Modern Persuasion

Dir: Alex Appel, Jonathan Lisecki

Wren (Alicia Witt) is an advertising executive who lives in Brooklyn with her cat. She’s pretty and smart, but in her thirties and still single (gasp!). She broke up with her college sweetheart Owen when he moved to the Bay Area and made a fortune in tech. The agency – owned by brother-and-sister rich diletantes – is not doing well, so she has to land a new account soon. Luckilly, a social networking giant is interested in hiring them. It’s called “Blipper” (as in twitter… get it?) Luckilly she has two millennial assistants to help her navigate these strange waters. But when the potential client shows up, she’s shocked to see it’s Owen (Shane McRae), her lost love. And he treats her like she’s not even there, flirting with her younger assistants instead of her. It’s not like she doesn’t have suitors of her own. There’s Sam, Owen’s best friend, a middle-aged emo who listens to sad music from the 80s; and Tyler, a London hotshot who owns a rival ad agency. Her impromptu dates with Tyler are set up by her scheming aunt Vanessa (played by the great Bebe Neuwirth). But secretly, in her heart, she still pines for Owen. Does he still love her? Does she still love him? And which is more important – her career or her love life?

Modern Persuasion – as the title suggests – is a contemporary take on the Jane Austen novel. Parties in the Hamptons replace balls in stately mansions, but the story seems essentially the same (I say “seems” because I haven’t read Persuasion, but I have seen a lot of Jane Austen movie knock-offs.) Beautiful women, especially Wren, dress in modern versions of romantic gowns, while the brooding / aloof / duplicitous men are all handsome, too. Appearance – clothes, hair, shoes, bags, looks – seems to be the great determiner in this movie. It’s cute and occasionally funny, but the plot is totally predictable, and some of the lines, especially the fake millennial-talk, are excruciating: Hashtag: Justshootme.  That said, if you’re looking for some light, shallow and inconsequential entertainment, you could do worse than Modern Persuasion.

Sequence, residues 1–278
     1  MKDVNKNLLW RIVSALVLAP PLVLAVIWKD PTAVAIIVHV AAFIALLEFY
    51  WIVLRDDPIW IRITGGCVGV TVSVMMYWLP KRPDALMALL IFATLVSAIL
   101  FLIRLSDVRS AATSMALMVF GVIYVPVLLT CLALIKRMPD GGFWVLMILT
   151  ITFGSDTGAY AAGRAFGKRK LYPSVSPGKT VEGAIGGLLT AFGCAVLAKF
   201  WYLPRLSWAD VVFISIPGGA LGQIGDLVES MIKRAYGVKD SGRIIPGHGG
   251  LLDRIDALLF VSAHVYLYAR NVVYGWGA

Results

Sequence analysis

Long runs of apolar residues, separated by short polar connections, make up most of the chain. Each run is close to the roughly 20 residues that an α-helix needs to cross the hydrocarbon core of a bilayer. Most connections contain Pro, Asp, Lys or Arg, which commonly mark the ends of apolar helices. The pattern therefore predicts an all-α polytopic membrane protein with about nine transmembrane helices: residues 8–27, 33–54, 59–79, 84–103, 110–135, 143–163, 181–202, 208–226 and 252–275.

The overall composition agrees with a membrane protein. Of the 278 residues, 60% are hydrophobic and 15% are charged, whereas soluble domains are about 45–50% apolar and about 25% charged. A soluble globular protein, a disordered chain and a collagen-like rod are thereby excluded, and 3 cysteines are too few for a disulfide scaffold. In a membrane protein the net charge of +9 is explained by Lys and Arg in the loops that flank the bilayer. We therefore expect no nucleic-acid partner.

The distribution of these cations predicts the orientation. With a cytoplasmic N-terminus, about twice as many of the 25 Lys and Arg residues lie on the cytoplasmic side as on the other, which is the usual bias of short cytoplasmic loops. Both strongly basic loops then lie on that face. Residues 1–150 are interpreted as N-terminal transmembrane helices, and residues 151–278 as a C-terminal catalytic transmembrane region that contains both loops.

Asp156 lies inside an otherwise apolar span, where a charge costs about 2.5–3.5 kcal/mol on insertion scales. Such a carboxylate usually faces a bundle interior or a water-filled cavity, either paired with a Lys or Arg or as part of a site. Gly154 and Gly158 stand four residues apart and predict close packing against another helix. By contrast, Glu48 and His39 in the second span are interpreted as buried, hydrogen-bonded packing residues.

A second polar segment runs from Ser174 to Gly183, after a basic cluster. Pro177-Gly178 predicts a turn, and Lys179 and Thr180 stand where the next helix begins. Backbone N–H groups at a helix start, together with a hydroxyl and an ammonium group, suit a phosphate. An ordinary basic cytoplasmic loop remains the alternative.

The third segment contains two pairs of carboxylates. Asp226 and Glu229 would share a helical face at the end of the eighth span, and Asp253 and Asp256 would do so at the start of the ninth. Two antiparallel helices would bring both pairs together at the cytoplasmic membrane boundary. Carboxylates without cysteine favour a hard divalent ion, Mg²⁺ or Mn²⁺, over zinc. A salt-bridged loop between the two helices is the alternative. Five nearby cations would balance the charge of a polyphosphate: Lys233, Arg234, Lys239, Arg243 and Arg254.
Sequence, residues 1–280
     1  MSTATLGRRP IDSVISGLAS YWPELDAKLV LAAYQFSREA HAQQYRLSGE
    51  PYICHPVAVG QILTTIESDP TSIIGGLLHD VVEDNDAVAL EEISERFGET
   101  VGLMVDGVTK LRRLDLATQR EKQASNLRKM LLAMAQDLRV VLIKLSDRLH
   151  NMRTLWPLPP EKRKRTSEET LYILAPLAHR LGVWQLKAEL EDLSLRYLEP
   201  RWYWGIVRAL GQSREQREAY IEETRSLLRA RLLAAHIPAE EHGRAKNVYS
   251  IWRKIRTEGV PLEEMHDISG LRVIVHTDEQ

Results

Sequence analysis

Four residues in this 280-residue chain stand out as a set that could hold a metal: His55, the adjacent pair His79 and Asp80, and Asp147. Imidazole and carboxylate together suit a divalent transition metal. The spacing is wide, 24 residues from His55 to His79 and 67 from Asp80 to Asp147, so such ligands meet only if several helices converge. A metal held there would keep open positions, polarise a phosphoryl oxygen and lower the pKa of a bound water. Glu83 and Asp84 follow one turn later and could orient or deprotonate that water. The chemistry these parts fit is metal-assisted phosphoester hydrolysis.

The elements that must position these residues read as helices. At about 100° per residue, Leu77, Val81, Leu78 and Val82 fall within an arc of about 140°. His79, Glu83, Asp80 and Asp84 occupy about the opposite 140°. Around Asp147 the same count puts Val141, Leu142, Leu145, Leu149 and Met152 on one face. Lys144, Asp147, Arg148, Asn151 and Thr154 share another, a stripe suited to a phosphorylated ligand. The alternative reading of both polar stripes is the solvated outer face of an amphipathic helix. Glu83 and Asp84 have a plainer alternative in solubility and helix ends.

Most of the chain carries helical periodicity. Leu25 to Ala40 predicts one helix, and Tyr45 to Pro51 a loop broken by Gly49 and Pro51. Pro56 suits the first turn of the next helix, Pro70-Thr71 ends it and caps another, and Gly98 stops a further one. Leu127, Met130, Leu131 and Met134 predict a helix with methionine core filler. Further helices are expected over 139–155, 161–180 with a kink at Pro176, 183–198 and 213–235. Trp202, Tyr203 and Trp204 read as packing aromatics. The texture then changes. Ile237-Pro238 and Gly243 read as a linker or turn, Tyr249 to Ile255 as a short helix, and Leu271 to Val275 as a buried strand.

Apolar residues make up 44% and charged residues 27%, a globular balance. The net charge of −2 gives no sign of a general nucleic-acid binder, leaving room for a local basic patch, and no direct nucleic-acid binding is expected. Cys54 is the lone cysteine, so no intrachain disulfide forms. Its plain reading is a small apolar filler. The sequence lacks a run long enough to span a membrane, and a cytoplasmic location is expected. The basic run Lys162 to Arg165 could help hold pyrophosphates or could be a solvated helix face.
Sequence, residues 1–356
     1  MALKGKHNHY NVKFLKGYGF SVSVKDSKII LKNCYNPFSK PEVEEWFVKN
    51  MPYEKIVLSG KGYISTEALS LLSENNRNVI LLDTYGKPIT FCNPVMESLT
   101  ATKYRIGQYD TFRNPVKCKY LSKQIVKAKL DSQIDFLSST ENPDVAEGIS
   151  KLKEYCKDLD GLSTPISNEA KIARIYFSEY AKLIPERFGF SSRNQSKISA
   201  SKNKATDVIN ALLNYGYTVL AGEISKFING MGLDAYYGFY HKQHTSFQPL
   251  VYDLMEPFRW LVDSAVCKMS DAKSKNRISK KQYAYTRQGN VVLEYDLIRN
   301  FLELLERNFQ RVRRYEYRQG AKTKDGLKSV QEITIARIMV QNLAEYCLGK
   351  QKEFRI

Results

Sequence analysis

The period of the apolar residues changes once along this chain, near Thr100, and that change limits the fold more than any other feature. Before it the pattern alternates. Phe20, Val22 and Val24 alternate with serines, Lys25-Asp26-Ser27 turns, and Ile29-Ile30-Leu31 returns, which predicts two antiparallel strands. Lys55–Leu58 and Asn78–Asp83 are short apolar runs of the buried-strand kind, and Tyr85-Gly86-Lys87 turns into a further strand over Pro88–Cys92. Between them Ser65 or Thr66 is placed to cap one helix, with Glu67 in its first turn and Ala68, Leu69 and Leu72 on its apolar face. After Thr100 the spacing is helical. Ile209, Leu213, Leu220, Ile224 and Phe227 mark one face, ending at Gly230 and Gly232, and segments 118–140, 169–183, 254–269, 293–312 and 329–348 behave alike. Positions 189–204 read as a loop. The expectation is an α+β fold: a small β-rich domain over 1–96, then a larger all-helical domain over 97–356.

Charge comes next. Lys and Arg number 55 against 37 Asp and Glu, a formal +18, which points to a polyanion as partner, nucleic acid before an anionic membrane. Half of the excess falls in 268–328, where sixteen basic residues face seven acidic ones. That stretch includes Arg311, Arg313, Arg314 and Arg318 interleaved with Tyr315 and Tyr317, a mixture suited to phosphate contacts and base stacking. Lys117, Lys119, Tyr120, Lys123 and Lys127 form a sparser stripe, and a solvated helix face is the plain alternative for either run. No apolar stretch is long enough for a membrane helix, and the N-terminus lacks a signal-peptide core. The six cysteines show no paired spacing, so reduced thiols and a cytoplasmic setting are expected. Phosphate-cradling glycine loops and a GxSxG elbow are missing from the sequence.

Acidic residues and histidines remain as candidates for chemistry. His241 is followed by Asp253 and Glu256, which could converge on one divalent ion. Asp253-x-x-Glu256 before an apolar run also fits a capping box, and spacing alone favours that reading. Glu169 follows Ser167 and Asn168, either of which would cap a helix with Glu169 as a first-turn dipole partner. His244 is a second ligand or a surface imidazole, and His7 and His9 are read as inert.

Swimming Out Till the Sea Turns Blue 

Dir: Jia Zhangke (past interviews here and here)

In 1942 under Mao Zedong, the Chinese Communist Party held talks in Yan’an on the role of writers and artists in a future Peoples’ Republic. They declared that literature should be written by educated peasants about their lives for other peasants to read. Fiction should serve the people and the Party, and foreign influences avoided. In Jia Zhangke’s new documentary, he looks at the effect this had on Chinese writers, by looking at four authors in chronological order: Ma Feng, Jia Pingwa, Yu Hua, and Liang Hong. The documentary interviews the writers themselves but also has random villagers reciting lines from the works directly toward the camera, in the style of Quotations from Chairman Mao Tse-tung.